GAO Report Criticizes FCC Complaint Enforcement

Government Accountability Office Report Critical of Federal Communications Commission

The Government Accountability Office said consumer complaints to the Federal Communications Commission are getting short shrift because its enforcement bureau has no specific goals, no strategy and does not track its own effectiveness.

That is according to a report released Thursday by House Telecommunications & Internet Subcommittee chairman Ed Markey (D-Mass.). The study concluded that the FCC had made progress in enforcement, but that more was needed. The commission countered that it has taken steps to address those concerns, but that the GAO study is flawed.

“I appreciate the GAO’s examination of the FCC’s enforcement efforts and welcome its recommendations," said FCC Chairman Kevin Martin in a statement. "Since I became chairman, the Enforcement Bureau is responding to 100% of Consumer complaints. Additionally, under my chairmanship, the commission has collected a record amount of fines, forfeitures and consent decree payments.

"Specifically, the GAO put forward valuable recommendations in the areas of enforcement data collection and analysis and performance management practices. Prior to the issuance of this report, the Commission had identified these issues and is already in the process of implementing measures to address them.”

The GAO report concluded that the FCC only investigated 10% of the complaints it received between 2003 and 2006 and took no enforcement action in 83% of the cases it did investigate.

It said the FCC database did not contain information on why there was no enforcement action in that "vast majority" of cases. 

"Specifically," concluded the report, "the FCC has not set measurable enforcement goals, developed a well-defined enforcement strategy, or established performance measures that are linked to the enforcement goals. Without key management tools, the FCC may have difficulty assuring Congress and other stakeholders that it is meeting its enforcement mission."

The report said limitations on collecting and analyzing data were the principal problems and recommended that the FCC improve both data-collection and performance measurements.

In a letter appended to the report, Kris Anne Monteith, chief of the enforcement bureau, said the GAO report was flawed, had undercounted numbers, missed some fields in the databases, and that the commission has already taken steps to address both its recommendations.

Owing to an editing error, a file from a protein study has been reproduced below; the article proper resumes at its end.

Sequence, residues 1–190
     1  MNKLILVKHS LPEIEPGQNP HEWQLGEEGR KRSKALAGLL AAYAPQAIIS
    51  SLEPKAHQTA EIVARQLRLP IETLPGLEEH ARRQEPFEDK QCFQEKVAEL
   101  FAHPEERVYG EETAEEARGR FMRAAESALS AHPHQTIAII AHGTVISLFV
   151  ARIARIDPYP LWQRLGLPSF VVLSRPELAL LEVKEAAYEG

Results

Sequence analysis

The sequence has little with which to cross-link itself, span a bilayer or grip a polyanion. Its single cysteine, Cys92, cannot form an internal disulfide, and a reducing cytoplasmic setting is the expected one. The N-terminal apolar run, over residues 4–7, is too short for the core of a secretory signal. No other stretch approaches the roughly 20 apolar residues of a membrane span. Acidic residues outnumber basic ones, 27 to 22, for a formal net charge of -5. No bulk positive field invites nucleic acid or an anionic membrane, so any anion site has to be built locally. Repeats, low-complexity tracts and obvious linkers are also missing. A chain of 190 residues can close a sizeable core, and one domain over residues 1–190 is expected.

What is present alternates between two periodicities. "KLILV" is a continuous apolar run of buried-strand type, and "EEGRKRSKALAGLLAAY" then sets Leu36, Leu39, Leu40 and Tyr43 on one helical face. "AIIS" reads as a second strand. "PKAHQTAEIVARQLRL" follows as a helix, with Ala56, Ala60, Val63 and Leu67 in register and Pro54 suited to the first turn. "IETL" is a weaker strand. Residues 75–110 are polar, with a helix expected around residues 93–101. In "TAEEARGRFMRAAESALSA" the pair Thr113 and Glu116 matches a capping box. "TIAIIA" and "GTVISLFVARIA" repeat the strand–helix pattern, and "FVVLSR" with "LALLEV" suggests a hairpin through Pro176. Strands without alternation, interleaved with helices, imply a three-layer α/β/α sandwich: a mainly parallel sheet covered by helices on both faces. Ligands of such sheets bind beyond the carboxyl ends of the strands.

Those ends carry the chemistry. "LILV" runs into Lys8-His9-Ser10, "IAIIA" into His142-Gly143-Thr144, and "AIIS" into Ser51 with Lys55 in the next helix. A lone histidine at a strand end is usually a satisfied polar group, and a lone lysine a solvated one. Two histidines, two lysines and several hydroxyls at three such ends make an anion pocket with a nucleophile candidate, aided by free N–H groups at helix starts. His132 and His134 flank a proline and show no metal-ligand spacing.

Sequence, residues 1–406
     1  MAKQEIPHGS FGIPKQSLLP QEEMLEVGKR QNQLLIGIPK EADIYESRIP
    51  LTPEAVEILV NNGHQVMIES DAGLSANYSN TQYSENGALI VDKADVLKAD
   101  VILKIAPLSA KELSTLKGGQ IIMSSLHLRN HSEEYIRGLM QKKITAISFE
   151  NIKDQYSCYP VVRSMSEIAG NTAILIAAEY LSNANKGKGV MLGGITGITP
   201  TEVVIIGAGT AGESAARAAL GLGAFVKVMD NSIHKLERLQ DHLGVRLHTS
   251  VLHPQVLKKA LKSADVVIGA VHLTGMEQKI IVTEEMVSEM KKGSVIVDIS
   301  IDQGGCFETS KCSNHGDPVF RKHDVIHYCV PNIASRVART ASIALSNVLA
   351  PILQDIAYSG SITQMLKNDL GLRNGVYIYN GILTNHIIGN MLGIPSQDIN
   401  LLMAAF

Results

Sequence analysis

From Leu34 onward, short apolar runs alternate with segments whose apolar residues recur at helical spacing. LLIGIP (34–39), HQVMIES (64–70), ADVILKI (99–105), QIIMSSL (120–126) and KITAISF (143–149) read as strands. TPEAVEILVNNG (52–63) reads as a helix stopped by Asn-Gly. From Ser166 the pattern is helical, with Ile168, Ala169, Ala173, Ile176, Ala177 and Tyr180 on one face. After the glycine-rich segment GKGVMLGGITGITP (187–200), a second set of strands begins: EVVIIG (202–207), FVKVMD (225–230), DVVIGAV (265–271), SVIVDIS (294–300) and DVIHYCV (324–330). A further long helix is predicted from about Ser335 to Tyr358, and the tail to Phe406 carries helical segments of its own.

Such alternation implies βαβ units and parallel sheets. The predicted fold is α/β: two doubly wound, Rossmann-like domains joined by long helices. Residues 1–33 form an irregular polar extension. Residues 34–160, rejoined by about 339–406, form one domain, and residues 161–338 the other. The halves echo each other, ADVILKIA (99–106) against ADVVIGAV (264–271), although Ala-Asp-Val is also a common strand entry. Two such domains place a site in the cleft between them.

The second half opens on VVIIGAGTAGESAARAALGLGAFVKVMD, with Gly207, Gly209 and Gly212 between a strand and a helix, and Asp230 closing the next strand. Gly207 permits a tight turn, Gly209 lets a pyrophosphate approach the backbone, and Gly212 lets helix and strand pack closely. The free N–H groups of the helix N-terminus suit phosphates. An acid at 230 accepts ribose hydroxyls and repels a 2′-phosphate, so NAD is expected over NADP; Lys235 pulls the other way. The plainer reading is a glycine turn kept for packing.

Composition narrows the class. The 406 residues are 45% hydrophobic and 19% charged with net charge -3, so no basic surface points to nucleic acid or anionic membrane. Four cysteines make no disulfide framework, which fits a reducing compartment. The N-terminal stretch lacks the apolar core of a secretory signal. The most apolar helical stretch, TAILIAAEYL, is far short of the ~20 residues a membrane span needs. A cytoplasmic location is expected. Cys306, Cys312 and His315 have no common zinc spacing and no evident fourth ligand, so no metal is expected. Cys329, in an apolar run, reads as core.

She also took issue with the age of the data examined, the errors she says were made by the GAO in the report, and concluded that "by relying on information that was out of date," the report--at the time only a draft--"provides a misleading descriptoin of the FCC's current enforcement processes."

Monteith also pointed to enforcement actions under FCC chairman Kevin Martin. She said the agency has taken 3,400 such actions, assessing more than $65.7 million in fines, forfeitures and consent decrees, including $43 million in 2007 -- the highest amount since the bureau was created in 1999. She added that the FCC had also worked through a backlog of 113,000 complaints.

The House Energy & Commerce Committee is in the midst of its own complaint-enforcement process against the FCC. It is conducting a wide-ranging investigation into FCC procedures.

Committee Chairman John Dingell (D-Mich.) was not pleased with the GAO findings, vowing to hold the commission's feet to the fire. 

“When more than 80 percent of complaints investigated by the FCC are closed without any meaningful enforcement action, and it isn’t possible to determine why no action was taken, then it appears that the FCC has abdicated its duty to protect consumers," he said.   

“This GAO report clearly demonstrates why we cannot rely solely on the FCC to enforce complaints, and why it is important to have safeguards in place at both the federal and the state level, as is the case in my home state of Michigan. The Committee will exercise vigorous oversight to ensure that consumers have adequate protections and that the FCC performs its duties in an effective and timely manner.”

One of the things Congress can do to help the FCC is give it some more money. In its most recent budget, the commission asked Congress for additional funding to improve its data collection.